Style Living Self Geeky News and Views
In the Paper Hello! Create with us

Generations of mothers

By BARBARA GONZALEZ- VENTURA, The Philippine STAR Published May 09, 2021 5:00 pm

As you grow older, your view on motherhood changes.

When you were in your 20s, how happy you and your mother were when your babies were born; there was a triangle that involved you, your mother for advice, and your sweet little babies. Your mother taught you how to burp them, how to put binders on them so their stomachs would not bulge when they grew up. Your baby was the most adorable creature in the world.

Then they grew up. They stopped being so cuddly. They traded in their wonderful baby scents for the smell of sun and sweat. They began to manifest traits that made you wonder from whom they inherited their attitudes.

Then they hit puberty and your nightmare years began. More quarrels arose between you. Of course, puberty is the stage when children unconsciously begin to separate from parents so they become independent adults with their own personalities.

Sometimes you see yourself or their fathers in them. Other times, you see your grandmother or grandaunt in them. Some grow close to you, others far from you. You, as their mother, wonder why.

My grandmother was traditional. My mother was modern. I stayed at home with my grandmother most of the time, before I hit puberty, so I was the child caught in between.

I had to grow much older to realize that in my family of widows there was a silent war that waged between generations of mothers. I write about it because I have also realized that it did not happen only to our family. Many families have had the same situations. It is a generational problem. Generations grow up differently.

My grandmother grew up when people wore ternos. When she would go to a wedding, she would still wear ternos. My mother, her widowed daughter, and I lived with her. She would starch the renggue (that might have been the way to spell it, that’s the way it sounds) of her terno’s panuelo, the stiff wrap held down with a brooch. Then she would give me a safety pin to press out the starch that stayed in the tiny holes of the fabric, before she folded her panuelo just so. She had implicit trust, in my little girl’s eyes.

My mother, who was 22 years old when she got widowed, used to teach in a convent school. She dressed very well. One day she was called to the principal’s office and told that she must wear a full slip, what was called a chemise, or a camison in Filipino Spanish, under her dress. My mother stopped teaching there. 

My grandmother thought my mother should have just stayed home and taken care of us — her and me — as all good widowed daughters did. But Mommy was young and she was an extrovert. She went out and worked during the day and taught at the University of the East at night. She would get home late every night or much later if she went out with her friends or had dates. My Lola grossly disapproved.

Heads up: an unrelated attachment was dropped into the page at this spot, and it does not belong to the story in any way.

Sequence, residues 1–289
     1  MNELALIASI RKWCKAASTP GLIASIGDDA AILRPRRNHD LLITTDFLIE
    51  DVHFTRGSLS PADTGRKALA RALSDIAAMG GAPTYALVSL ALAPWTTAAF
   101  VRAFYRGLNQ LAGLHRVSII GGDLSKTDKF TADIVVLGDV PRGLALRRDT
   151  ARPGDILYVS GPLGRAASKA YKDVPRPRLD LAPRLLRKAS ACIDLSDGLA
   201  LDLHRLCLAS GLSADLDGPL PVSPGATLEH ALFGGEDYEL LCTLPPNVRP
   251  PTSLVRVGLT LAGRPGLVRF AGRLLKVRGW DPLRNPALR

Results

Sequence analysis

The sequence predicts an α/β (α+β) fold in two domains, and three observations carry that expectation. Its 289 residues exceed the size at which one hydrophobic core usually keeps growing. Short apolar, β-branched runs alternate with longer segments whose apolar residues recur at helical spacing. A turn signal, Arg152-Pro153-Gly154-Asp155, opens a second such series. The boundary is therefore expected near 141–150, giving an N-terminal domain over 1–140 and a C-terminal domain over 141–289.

My grandmother was traditional. My mother was modern. I stayed at home with my grandmother most of the time, before I hit puberty, so I was the child caught in between.

I was a sickly child, always had my tonsils inflamed and sometimes that hurt a lot. Once I had high fever and a very painful throat. My mother was out teaching. My Lola stood at the foot of my bed — angry, I could tell.

She said, “Here you lie dying and your mother is nowhere to be found.” Until now I remember her look, her statement. But now I understand it better. It expressed the sudden release of her restrained anger at my mother who didn’t behave the way she wanted her widowed daughter to behave.

Now, also, I realize I loved them both very much. Both were dear mothers to me.

I sigh as I write this, with a heaviness of heart. I know I will have to die before my daughters remember me nicely. Some of that is my fault. But most of it is generational. We are different mothers — grandmother, mother, me, my daughters.

My Lola taught me to cook and sew. She was independent in the traditional way. My mother taught me to be independent her way, to work and support my children. She taught me to build my own life, to not subject myself to what other people said.

Because she was widowed young, she inadvertently taught me to define myself earlier and to know when I could not take any more from my husband. I learned from her example. She married for the second time after I got married and she stayed with him until he died.

My daughters learned from my example. They are extremely independent. They live where they want to. All they ask of me is I don’t write about them. But their lives are only slightly like mine.

I sigh as I write this, with a heaviness of heart. I know I will have to die before my daughters remember me nicely. Some of that is my fault. But most of it is generational. We are different mothers — grandmother, mother, me, my daughters.

My grandmother, my mother, even I am not too comfortable with Mother’s Day. I am certain that my daughters, who belong to a newer generation, love it.